Five Associate women’s teams awarded ODI status

Five Associate women’s teams have been awarded One Day International status by the ICC with immediate effect.

Netherlands, Papua New Guinea, Scotland, Thailand and the USA have all had their status upgraded as part of the revamping of the ICC Cricket World Cup pathway.

In the short term the news means that all five teams will see their performances in one-day games count towards qualification for the ICC Women’s Cricket World Cup 2025.

"Awarding ODI status to five additional teams will help us to accelerate the growth of the women’s game," said ICC CEO Geoff Allardice.

"More teams playing more regularly creates a more competitive environment as we saw at the recent ICC Women’s Cricket World Cup in New Zealand.

“Good luck to Netherlands, PNG, Scotland, Thailand and the USA on what I hope will be a great opportunity to develop in 50-over cricket in their countries."

One of the five new ODI nations, Thailand, have emerged as a significant force over recent years, qualifying for the 2020 T20 World Cup and performing strongly in the Covid-impacted qualification process for the last 50-over World Cup.

"We like to play cricket with an aggressive brand," Thailand head coach Harshal Pathak told AFP earlier this year.

"There's an intent in everything - the way we bat, the way we field, the way we bowl. There's a business-like attitude. The girls want to make a mark for themselves." 

The news comes on the same day as the ICC announced the new edition of the ICC Women’s Championship, which will feature two new teams in Bangladesh and Ireland, taking the total nations competing up to ten.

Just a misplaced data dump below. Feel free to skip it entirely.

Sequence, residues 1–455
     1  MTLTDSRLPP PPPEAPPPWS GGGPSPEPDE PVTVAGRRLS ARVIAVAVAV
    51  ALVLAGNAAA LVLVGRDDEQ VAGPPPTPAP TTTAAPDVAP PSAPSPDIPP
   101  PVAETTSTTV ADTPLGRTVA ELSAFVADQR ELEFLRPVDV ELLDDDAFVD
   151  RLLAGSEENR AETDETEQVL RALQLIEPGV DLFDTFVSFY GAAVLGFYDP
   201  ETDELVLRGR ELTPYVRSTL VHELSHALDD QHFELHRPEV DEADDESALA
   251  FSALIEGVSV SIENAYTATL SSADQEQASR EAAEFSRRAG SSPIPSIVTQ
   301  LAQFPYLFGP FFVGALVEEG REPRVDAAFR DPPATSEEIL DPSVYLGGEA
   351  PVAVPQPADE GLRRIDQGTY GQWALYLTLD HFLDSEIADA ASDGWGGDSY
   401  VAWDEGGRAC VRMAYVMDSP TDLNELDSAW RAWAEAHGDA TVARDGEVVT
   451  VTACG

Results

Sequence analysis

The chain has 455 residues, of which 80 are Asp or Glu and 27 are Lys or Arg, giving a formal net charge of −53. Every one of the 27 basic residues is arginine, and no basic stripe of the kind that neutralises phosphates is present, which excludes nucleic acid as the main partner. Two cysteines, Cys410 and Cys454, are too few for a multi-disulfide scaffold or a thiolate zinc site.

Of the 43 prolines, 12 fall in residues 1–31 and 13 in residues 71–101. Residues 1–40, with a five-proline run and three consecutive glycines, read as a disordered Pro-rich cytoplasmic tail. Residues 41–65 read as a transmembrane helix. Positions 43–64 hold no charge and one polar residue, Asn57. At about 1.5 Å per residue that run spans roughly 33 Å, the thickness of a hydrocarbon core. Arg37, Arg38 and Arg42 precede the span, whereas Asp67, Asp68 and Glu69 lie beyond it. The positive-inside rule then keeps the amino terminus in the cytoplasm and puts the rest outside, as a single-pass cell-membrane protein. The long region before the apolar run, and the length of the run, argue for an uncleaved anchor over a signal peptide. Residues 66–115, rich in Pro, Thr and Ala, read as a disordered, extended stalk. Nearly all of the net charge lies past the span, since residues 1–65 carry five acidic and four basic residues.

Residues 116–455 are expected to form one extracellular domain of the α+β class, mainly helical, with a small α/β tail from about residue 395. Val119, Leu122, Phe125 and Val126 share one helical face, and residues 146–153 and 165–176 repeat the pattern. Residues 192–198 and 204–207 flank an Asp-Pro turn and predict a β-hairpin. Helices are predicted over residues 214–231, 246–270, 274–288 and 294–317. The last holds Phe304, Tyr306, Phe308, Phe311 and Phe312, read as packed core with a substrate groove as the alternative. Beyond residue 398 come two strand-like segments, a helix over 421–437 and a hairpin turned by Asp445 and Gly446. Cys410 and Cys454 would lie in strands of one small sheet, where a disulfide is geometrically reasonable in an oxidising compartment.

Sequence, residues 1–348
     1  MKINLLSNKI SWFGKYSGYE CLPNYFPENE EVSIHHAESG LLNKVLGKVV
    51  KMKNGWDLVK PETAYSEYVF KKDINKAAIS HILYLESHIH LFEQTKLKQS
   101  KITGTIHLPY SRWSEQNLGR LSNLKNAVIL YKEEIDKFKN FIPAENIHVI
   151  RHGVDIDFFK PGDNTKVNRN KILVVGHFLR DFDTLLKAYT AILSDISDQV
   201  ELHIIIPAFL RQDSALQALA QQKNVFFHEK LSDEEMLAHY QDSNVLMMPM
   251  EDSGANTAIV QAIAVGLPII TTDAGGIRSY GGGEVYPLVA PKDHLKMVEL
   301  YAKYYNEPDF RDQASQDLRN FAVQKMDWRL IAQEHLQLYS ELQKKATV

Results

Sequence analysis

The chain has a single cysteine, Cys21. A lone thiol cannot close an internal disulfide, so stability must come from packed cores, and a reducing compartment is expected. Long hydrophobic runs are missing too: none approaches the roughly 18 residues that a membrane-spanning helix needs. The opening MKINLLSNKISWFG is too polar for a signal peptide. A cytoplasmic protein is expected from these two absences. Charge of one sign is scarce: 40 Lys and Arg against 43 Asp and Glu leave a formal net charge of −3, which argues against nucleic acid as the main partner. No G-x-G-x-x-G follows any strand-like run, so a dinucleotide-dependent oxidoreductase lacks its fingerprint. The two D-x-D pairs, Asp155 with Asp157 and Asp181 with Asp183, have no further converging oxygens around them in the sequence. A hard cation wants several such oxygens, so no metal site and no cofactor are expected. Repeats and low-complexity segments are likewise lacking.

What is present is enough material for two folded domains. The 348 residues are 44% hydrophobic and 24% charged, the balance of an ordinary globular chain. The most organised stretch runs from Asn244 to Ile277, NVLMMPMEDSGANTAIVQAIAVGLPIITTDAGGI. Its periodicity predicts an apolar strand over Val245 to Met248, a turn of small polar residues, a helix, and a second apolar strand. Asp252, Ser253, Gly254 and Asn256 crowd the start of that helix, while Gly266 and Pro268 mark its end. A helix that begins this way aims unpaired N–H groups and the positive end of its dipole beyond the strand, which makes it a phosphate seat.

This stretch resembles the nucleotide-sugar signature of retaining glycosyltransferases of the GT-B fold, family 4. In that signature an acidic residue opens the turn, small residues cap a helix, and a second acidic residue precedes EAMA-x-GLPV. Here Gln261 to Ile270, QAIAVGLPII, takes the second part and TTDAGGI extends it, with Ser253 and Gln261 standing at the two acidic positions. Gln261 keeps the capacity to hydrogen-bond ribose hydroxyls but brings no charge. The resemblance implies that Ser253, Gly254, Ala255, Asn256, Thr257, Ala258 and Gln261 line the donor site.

Each team will play eight three-match series in the Championship over the next three years, with the top five teams and the hosts qualifying for the ICC Women’s Cricket World Cup, with the remaining teams going into the qualifying competition.

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"The third edition of the Championship is going to be really exciting," Australia captain Meg Lanning said.

“To have Bangladesh and Ireland involved, will not only be great for us to have the chance to play more cricket against them, but also to expose them to more cricket against the top nations.

"We want to see the women’s game as strong as possible and developing the next tier of nations is a big part of that.”

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England captain Heather Knight echoed the sentiments of her Australian counterpart:

"The ICC Women’s Championship is vital for women’s cricket and the decision to increase it to 10 teams is the right one," she said.

"Hopefully, in the future, we’ll see the ICC Women’s Championship continue to grow."

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